One of the most important areas of information in terms of privacy protection is that of our browsing habits. This is the case, because while browsing the net just by seeing which pages we visit, a lot of information can be extracted about our tastes and preferences. This, at the same time, makes it very valuable and attractive information for any business that can access it. This is where Private Relay comes in.

Still Apple can’t tell what we’re visiting

Private Relay, which is part of iCloud +, protects our browsing from the various intermediaries that make up the network between us and our destination site. When we establish a connection with Applesfera, our browser asks the servers that host the page to send it to it. This link is seen by our router, and the one who controls it, and, among others, by our operator.

Private Relay also offers us greater confidentiality vis-à-vis the owners of the sites we visit. It is obvious that by the time we log in the system knows exactly who we are and what we are seeing, but in the sites where we are as guests, one point that can identify us with great precision is the ‘IP adress.

Presentations on the points to be covered by Private Relay, let’s explain, in a synthetic way, how it works. The system solves, in a single step, the two points that we have just mentioned and it does everything by redirecting our traffic through two relays, two servers.

Private Relay is designed using, as they say, two servers. The first one we connect to is owned by Apple, while the second is owned by a trusted partner. Browsing is encrypted so that the first server knows who we are, but not where we are going, while the second knows where we are going, but not who we are.

Protection for public Wi-Fi networks and, ultimately, against anyone between us and the websites we visit.

Overall, the net result is that no one, not even Apple, can see which websites we are visiting. All network operators, including our operator, only see an established connection to Apple’s servers. At the same time, the websites we visit only see the IP of the second server, not ours, so they lose an important tracking factor. An IP, which, in addition, could have been used to geolocate us and which will now only give the generic location of the second server.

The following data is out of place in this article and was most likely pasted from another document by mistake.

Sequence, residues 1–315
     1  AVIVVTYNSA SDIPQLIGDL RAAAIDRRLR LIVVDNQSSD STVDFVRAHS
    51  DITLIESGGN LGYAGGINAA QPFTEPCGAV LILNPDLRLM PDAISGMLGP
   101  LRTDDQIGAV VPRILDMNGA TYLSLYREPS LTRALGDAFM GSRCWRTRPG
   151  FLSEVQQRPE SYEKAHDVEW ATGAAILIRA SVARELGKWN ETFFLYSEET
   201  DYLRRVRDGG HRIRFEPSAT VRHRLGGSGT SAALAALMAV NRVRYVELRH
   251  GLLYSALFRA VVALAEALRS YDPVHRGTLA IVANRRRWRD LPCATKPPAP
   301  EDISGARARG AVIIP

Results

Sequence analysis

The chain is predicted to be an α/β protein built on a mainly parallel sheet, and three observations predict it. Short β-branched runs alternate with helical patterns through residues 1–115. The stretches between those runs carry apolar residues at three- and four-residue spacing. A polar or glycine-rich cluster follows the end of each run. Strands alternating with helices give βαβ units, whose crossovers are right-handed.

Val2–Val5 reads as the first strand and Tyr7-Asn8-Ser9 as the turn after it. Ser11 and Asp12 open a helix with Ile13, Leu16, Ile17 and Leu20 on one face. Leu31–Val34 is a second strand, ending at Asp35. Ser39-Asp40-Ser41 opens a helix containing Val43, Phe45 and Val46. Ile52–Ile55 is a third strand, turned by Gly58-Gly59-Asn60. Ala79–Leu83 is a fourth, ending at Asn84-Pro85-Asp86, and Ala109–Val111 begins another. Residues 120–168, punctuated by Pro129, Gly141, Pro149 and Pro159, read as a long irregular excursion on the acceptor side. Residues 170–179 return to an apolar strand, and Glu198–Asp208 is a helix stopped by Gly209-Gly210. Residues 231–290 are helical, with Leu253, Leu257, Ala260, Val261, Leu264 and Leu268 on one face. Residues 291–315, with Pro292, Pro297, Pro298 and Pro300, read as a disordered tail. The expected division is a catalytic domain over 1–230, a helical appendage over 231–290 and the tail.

Currently, Private Relay is in beta and only works in Safari and in all connections that apps make through insecure protocols, such as http (as opposed to https). Activating iCloud Private Relay is very easy, on Mac the steps are as follows:

In the Apple () menu, we choose System Preferences. We tap on the Apple ID. We activate the Private Relay.

Activating this important protection for our privacy is just as easy on our iPhone or iPad. We are doing it :

We open the Settings app on our iPhone or iPad. We touch our name at the top. We tap on iCloud. We played in a private relay. We activate Private Relay.

Private Relay is also designed not to affect the speed of our Internet connection. This is made possible by the fact that Apple works with partners who are able to offer servers that are very well distributed geographically, so we will always have one relatively close to our location.

While it is true that some operators prevent Private Relay from operating on their mobile networks, we hope that more and more will allow us to browse privately. Private Relay is a system that protects us on many fronts, and all thanks to the fact that by design no one, not even Apple, can know which sites we are visiting.